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Pretty girls don't say ugly words."

We define people by their appearances. We can't help it. Maybe we're wired that way. It's an easy determination to make, isn't it? It's an easy snap judgment. But is that how you want to be defined?

Last week when I was picking the kids up from daycare, Gabriel told me that his sister had said 'diarrhea.' And their care provider, who all in all is quite wonderful with my children, said, "That's tattling. You don't need to tattle. We took care of that already. I just told Maggie that diarrhea's an ugly word, and pretty girls don't say ugly words."
I think I may have flinched. Ken definitely did when I relayed the exchange to him.
And I haven't said anything to her about it. Partly because I don't want to complain, and nitpick about the little things. And there are always little things when someone else is taking care of your kids when you can't. Because she won't do things just like I would.  All in all, it's a really great place for my kids.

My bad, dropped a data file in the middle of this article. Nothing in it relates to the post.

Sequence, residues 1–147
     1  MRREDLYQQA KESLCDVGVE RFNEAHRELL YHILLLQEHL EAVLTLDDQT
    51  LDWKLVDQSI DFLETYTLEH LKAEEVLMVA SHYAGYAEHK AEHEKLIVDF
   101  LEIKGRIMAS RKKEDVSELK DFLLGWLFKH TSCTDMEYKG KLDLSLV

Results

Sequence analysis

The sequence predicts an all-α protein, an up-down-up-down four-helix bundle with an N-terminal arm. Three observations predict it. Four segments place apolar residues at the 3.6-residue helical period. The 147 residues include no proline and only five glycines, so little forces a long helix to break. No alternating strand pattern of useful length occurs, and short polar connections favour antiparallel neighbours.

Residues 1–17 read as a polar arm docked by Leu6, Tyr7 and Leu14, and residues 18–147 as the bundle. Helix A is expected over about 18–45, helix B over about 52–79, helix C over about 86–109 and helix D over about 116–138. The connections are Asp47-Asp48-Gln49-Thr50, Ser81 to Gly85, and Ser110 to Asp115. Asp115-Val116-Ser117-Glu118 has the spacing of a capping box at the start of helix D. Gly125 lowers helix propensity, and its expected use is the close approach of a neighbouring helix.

But how do you want to be defined? Does your value depend on how you look? Is that what you want your little girl -- or your little boy, your child -- to value? Her appearance, as evaluated by others? Do you want her to value herself based on things she can't change? Like the impossible standards in the magazines? The angle of her ears, perfectly good ears?

I don't want my daughter to have that voice in her head. That nagging one, that notices the too big nose. The fat, even before there was any there (ah, the blissful ignorance of youth; how I miss that face). The never quite good enough because you don't fit with those faces those bodies those masks in the media. That's not something I want to pass on to her. Or to her brother.

I want her to grow up knowing that it's how she uses her brain. It's the choices she makes. If she's beautiful, it's because she's the most healthy, strong person she can be, because she's  compassionate and kind but not a doormat.

I worry about my little girl. All the time. About how she'll value herself. About whether she'll really know how much she's worth.
I hope she always knows what her worth really is. Because if she does, she'll be pretty. Pretty amazing.


And she should use whatever words she wants to, as long as it's not either disruptive or hurtful...
wow, I cannot believe that woman said that! you should send this journal her way!